In the 1820s, sailors discovered what they believed were diamonds in the rocks on the volcano's slopes. Although the sailor's diamonds turned out to be clear calcite crystals, the name Diamond Head has been associated with the crater ever since.
During the night of October 2, 1893 the SS Miowera grounded on the reef just off Diamond Head. As Diamond Head was obscured that evening, the vessel's captain had mistaken the high land to the north of the crater as Diamond Head and had brought his ship too close to shore. All passengers and cargo were safely off-loaded, but it took six weeks to free the Miowera. Four years later, the magnificent steamship China also ran aground. It was widely believed that both of these incidents could have been avoided had a light been shown from Diamond Head. Captain King became weary of hearing the pros and cons of the case, and after a few trips to the vicinity with Mr. Rowell, the Superintendent of Public Works, drove a stake for the site of the beacon. ... There was ordered at once the material for the illumination and for the towers. The iron for the structure has arrived and as soon as some road is made to the slope point, work on the structure will begin.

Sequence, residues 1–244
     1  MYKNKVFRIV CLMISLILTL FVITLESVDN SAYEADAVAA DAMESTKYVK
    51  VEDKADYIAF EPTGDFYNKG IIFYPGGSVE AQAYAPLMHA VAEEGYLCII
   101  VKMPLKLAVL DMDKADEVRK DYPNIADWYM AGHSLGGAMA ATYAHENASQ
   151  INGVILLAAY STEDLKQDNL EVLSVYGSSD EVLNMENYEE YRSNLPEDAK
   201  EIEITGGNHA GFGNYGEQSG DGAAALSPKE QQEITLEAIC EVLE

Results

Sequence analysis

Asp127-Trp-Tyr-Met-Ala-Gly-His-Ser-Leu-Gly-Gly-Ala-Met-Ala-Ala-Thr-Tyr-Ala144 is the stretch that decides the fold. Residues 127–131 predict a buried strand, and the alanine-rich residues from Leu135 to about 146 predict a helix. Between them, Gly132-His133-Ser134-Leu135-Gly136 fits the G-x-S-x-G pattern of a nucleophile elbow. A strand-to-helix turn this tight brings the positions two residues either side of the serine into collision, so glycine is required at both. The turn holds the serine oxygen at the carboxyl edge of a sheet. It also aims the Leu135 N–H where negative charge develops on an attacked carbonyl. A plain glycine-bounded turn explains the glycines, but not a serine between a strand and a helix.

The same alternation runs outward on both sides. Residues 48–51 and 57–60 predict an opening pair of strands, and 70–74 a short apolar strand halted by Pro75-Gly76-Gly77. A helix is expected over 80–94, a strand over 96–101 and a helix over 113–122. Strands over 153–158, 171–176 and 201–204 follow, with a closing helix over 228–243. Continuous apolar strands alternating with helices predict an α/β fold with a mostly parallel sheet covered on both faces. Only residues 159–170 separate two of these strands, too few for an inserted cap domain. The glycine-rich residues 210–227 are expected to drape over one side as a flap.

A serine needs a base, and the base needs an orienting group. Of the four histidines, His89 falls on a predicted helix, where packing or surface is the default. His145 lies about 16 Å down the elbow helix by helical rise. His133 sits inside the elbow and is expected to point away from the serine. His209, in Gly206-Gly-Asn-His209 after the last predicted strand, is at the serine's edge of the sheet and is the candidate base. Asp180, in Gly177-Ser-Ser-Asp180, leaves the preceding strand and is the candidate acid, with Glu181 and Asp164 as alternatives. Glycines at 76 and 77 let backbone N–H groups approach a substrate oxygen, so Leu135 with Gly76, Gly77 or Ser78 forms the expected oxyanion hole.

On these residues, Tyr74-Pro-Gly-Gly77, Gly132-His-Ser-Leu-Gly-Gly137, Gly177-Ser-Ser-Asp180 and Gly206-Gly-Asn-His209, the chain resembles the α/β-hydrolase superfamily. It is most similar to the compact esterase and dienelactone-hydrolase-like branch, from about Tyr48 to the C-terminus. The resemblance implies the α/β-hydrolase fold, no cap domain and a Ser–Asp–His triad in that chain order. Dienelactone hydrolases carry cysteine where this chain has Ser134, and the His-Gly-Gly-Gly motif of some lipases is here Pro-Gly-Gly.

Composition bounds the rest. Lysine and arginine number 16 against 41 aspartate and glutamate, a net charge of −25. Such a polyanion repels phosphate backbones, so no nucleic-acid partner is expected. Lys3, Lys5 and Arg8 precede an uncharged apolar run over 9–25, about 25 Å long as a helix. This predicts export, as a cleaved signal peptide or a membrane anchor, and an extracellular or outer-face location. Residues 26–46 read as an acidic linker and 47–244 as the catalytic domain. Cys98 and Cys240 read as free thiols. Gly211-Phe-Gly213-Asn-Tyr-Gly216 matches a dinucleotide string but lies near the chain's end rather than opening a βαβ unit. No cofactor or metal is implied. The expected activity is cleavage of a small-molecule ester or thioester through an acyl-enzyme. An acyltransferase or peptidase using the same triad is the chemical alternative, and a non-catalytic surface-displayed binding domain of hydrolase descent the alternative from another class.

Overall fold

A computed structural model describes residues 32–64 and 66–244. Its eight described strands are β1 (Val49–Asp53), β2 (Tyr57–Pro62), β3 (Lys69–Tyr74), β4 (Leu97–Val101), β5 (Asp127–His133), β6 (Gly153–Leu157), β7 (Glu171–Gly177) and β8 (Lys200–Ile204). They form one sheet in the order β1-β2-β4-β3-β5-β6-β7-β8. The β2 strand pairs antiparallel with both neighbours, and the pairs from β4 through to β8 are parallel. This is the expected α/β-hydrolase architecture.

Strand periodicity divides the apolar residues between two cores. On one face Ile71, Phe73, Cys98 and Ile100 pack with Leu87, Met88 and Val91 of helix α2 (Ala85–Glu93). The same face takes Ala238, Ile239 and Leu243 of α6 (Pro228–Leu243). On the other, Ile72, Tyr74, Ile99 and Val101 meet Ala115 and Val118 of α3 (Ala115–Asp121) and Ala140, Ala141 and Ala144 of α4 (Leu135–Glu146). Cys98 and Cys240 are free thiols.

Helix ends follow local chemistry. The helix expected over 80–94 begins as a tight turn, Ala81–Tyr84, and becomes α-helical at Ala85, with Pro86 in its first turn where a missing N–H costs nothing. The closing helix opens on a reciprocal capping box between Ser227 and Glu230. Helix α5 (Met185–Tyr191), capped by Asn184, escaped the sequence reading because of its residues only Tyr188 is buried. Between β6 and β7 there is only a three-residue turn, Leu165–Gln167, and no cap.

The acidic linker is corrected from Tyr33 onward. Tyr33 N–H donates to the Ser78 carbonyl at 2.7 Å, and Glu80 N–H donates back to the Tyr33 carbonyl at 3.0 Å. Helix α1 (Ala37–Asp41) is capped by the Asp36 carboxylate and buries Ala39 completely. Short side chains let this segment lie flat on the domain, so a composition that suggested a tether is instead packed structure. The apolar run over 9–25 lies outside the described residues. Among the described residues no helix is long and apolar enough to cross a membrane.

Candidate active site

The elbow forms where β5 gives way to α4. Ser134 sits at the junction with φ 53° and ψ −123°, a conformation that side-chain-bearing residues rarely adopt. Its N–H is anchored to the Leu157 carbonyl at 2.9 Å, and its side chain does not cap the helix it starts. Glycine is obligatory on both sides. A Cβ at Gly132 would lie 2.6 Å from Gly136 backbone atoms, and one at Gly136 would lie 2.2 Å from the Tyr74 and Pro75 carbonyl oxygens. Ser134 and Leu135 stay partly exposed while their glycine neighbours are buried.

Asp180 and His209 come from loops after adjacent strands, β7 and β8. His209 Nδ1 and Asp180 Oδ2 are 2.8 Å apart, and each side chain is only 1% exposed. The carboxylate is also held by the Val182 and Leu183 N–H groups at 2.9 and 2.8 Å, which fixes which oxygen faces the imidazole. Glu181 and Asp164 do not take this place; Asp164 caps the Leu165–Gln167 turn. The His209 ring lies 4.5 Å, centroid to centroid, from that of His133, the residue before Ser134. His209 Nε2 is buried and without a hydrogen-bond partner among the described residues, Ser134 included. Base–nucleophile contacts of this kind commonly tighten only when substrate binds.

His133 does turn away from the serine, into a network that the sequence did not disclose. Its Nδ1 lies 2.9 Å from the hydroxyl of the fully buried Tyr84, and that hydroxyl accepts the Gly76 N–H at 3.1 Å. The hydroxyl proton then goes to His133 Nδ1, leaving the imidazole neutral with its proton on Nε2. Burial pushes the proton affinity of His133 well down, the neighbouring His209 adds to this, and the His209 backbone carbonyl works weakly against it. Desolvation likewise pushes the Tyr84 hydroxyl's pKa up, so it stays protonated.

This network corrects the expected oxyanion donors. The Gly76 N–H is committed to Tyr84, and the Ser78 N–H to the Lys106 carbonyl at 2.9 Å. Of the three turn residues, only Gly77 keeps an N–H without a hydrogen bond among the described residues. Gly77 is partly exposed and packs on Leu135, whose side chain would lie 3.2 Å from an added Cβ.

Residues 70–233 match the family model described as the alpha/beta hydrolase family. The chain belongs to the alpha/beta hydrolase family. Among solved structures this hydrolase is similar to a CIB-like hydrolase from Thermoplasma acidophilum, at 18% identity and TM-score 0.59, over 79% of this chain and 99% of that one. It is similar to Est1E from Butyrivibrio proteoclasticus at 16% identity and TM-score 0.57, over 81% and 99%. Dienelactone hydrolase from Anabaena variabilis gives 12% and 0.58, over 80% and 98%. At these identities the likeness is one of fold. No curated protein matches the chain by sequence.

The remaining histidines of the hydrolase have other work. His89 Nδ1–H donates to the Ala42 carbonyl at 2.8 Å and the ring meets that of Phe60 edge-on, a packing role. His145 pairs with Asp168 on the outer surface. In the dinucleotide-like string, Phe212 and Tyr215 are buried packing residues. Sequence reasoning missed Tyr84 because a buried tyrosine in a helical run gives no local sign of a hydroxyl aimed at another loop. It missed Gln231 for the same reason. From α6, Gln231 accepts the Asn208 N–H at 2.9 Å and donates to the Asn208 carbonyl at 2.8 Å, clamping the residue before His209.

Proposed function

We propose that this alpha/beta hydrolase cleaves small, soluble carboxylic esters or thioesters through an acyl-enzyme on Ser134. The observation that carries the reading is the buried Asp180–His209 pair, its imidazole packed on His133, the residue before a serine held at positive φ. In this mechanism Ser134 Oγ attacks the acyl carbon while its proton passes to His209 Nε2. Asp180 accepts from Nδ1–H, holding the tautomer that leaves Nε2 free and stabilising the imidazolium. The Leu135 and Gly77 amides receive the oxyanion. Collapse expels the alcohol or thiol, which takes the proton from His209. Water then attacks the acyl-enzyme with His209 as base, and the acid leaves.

Besides continuing its nightly vigil over the reefs at Diamond Head, the lighthouse also serves as one end of the finish line for the biennial Transpac Yacht Race, which starts 2,225 miles away in Long Beach, California. During the race, members of the Transpacific Yacht Club are allowed to use the tower as a lookout for recording finishing times. The road near the lighthouse is packed with people watching the beautiful yachts, under full sail, riding the trade winds towards Honolulu. Even when there isn't a race to watch, the pullouts near the lighthouse offer amazing views of the surf and those who are drawn to ride it. Maria sent me this nice card.